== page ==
October & November Events

If you are a regular visitor to this site, you will already know about these three upcoming events:

Conversations on a Bench on Radio 4

Two Countries at Berwick Literary Festival

Sun at Life Planetarium, Newcastle – Friday Night Life

If you don’t already know about them, please read on:
Conversations on a Bench

BBC Radio 4, Sunday October 9th 4.30 pm

Repeated Saturday October 15th 11.30 pm, and on iplayer

Anna Scott-Brown returns to hear more stories from the people who stop to sit beside her on benches around the country. In this episode, she is joined on a bench overlooking Beadnell Harbour in Northumberland by holiday-makers, environmentalists and some members of the last remaining fishing families of Beadnell.

Throughout the programme, a specially commissioned work by poet and Beadnell resident, Katrina Porteous draws on the voices of locals and passers by.

Presenter: Anna Scott-Brown
Producer: Adam Fowler
An Overtone production for BBC Radio 4.



Two Countries at Berwick Literary Festival

Sunday October 23rd noon

Guildhall, Berwick Town Hall

Two Countries

Poetry and Northumbrian pipes from Katrina Porteous and Alice Burn

shortlisted for the 2015 Portico Prize for Literature, Katrina Porteous’ Two Countries draws on traditions of the Border Ballad and Northumbrian story-telling to explore the shifting relations between landscape and community. Katrina will be joined by BBC Radio 2’s Young Folk Musician of the Year finalist, Northumbrian Piper Alice Burn.

Tickets £5 – available from Berwick Maltings but please note that event takes place in Guildhall

Event sponsored by Greaves, West and Ayre


Photo credit Marjorie Baillie



by Katrina Porteous and Peter Zinovieff

World Premiere, Friday November 18th

An exploration of our nearest Star in words and music

In partnership with Northumbria University and Think Physics

Planetarium, Life Science Centre, Newcastle upon Tyne, NE1 4EP

Two evening performances (times to be announced)

Planetarium visuals by Christopher Hudson

Our Sun is amazing. Space telescopes like NASA’s Solar Dynamics Observatory allow us to ‘see’ it in wavelengths far beyond human vision, to ‘hear’ the sounds it makes, and to use those sounds to ‘look’ inside it.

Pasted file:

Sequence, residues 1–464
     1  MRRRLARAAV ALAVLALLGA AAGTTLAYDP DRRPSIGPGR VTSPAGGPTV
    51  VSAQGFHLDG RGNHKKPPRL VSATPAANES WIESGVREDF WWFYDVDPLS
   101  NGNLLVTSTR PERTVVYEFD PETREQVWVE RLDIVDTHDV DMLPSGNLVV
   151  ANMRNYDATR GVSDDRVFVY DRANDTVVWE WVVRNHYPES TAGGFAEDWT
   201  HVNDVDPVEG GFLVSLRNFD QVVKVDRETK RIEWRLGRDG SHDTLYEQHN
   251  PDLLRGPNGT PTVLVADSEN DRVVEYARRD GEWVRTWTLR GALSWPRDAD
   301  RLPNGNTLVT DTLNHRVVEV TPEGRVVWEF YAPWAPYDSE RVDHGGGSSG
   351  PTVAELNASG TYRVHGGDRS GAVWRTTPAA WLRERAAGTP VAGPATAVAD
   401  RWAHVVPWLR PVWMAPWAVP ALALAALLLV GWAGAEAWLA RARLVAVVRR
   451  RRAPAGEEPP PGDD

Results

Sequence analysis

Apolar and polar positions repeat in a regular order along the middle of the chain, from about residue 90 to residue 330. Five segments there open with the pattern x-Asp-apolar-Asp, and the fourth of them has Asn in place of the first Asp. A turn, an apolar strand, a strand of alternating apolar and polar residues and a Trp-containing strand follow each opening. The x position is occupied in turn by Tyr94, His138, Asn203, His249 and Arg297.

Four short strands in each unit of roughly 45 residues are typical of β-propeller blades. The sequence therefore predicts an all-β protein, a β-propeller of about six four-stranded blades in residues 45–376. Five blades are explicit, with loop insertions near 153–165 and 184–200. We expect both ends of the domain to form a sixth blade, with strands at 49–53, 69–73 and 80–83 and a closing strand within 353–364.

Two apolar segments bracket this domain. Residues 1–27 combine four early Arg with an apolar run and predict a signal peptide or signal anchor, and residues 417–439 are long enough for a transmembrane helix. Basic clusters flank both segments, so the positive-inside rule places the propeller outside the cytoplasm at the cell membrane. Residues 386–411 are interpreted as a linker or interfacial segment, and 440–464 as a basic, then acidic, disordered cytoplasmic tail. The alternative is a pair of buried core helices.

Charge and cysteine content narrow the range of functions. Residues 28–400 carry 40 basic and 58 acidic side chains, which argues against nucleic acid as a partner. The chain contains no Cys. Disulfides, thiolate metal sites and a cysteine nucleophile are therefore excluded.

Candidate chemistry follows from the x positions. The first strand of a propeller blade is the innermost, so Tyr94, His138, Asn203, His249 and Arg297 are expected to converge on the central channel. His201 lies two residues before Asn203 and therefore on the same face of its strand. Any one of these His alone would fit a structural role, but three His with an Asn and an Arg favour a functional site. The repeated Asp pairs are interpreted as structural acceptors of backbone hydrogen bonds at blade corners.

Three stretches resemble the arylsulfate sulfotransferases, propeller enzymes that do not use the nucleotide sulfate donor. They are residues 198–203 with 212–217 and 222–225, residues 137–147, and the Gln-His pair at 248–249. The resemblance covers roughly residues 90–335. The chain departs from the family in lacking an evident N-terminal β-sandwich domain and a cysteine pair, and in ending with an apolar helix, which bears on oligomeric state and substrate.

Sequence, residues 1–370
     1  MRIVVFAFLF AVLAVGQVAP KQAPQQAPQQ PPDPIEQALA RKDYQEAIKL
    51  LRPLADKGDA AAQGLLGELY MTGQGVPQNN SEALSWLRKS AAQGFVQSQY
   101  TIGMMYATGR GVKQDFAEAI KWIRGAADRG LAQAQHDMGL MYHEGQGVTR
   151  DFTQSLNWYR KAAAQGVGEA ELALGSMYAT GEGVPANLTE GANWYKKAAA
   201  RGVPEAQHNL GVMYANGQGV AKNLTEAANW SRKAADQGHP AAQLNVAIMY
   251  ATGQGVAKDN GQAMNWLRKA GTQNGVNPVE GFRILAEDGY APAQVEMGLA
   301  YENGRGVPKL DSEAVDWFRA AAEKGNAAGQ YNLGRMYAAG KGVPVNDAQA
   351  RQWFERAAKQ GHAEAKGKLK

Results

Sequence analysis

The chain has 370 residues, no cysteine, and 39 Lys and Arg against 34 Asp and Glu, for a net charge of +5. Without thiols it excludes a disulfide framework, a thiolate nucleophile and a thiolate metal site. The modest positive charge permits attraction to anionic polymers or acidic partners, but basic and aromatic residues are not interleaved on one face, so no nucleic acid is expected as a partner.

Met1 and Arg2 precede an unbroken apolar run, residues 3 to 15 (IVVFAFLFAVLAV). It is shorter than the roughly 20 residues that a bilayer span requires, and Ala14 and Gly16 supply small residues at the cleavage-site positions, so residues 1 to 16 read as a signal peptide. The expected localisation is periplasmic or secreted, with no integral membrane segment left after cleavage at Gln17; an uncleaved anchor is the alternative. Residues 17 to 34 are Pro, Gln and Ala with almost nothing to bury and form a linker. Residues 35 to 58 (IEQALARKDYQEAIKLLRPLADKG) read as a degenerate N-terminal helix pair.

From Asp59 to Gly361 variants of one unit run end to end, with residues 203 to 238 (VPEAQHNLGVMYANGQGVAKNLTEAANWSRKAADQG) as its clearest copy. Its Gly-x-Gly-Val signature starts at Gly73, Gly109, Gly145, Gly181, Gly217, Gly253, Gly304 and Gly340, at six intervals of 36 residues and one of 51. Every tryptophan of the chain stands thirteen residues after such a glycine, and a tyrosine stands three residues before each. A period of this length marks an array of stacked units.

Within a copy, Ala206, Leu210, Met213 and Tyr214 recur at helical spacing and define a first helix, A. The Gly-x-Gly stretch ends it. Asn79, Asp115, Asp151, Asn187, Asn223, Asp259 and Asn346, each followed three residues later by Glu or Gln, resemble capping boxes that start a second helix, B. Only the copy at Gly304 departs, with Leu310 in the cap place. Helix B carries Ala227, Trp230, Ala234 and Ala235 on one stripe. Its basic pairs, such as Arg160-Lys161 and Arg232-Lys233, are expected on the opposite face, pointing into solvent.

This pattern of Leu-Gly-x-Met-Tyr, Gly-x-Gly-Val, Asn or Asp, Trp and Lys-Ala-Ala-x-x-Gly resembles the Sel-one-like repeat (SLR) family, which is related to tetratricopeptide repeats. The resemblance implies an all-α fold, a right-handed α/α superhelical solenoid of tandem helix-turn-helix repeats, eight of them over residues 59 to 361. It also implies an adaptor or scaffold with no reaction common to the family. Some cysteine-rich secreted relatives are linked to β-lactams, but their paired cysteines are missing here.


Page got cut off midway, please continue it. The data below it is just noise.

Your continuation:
Sun draws on data from the Sun as the basis for some of its digital music. Through its soundscape and poetry, supported by stunning photographic images, it examines what our nearest star is made of: hot plasma (ionised gas), threaded by a strong magnetic field. This magnetism is generated by internal convective motion via a dynamo process, responsible for sunspots and dramatic solar flares which directly affect us here on Earth.

Through the interaction of music and words, Sun explores these awesome processes, upon which all light and life on Earth depend.


Part of Life Science Centre ‘Friday Night Life’

Duration: approximately 45 minutes, including a short introduction to the Sun by a member of Northumbria University Solar Physics Research Group

Online advance tickets: £8.00 per person. On the door: £10 per person. 20% discount for annual pass holders

19a still prominence-browse NASA



New Networks for Nature, September 2016

New Networks for Nature

In Touch with the Wild

David Attenborough Building, Cambridge

22-24 September 2016

New Networks for Nature is an annual event which brings together people from a variety of backgrounds in science, environmentalism and the arts, who share a belief that the natural environment is crucial to human imagination, creativity and well-being. I have the honour of being an ‘Ambassador’ for this network. This year’s symposium was held in collaboration with Cambridge Conservation Initiative.

As part of Friday’s events, I chaired an afternoon session on ‘Reconnection’, with geographer Ivan Scales, writer Sharon Blackie, and street artist @ATMStreetart. This session took as its starting point the question of how we take personal connection with the natural world to a broader audience. Ivan used his work on biodiversity conservation in Madagascar to talk about the political ecology of reconnection; Sharon spoke of the ways myths and stories of place help us reconnect; and @ATMStreetart showed some of the fabulous over-sized bird images which he paints on walls in urban areas to remind people of what has been lost and what still remains. 


The session was prefaced by Katharine Norbury, speaking and reading from her brilliant recent book, The Fish Ladder.

On Saturday morning I led one of a dozen workshops, Listening to a Landscape, on how poets connect to the physicality of landscape through sound. These workshops were followed by a closing session on Hope. It was cheering to hear 30-second summaries of restoration and reintroduction from around the room. The final and most moving words, infused with a lifetime of experience and an ultimate uplifting belief in humanity, came from Sir David Attenborough himself — a truly inspirational man:


‘In our hearts we know that we are part of the natural world. If the natural world is diminished, we are diminished.’ – David Attenborough.

Next year’s New Networks for Nature annual event will take place in Stamford, 16-18 Nov 2017.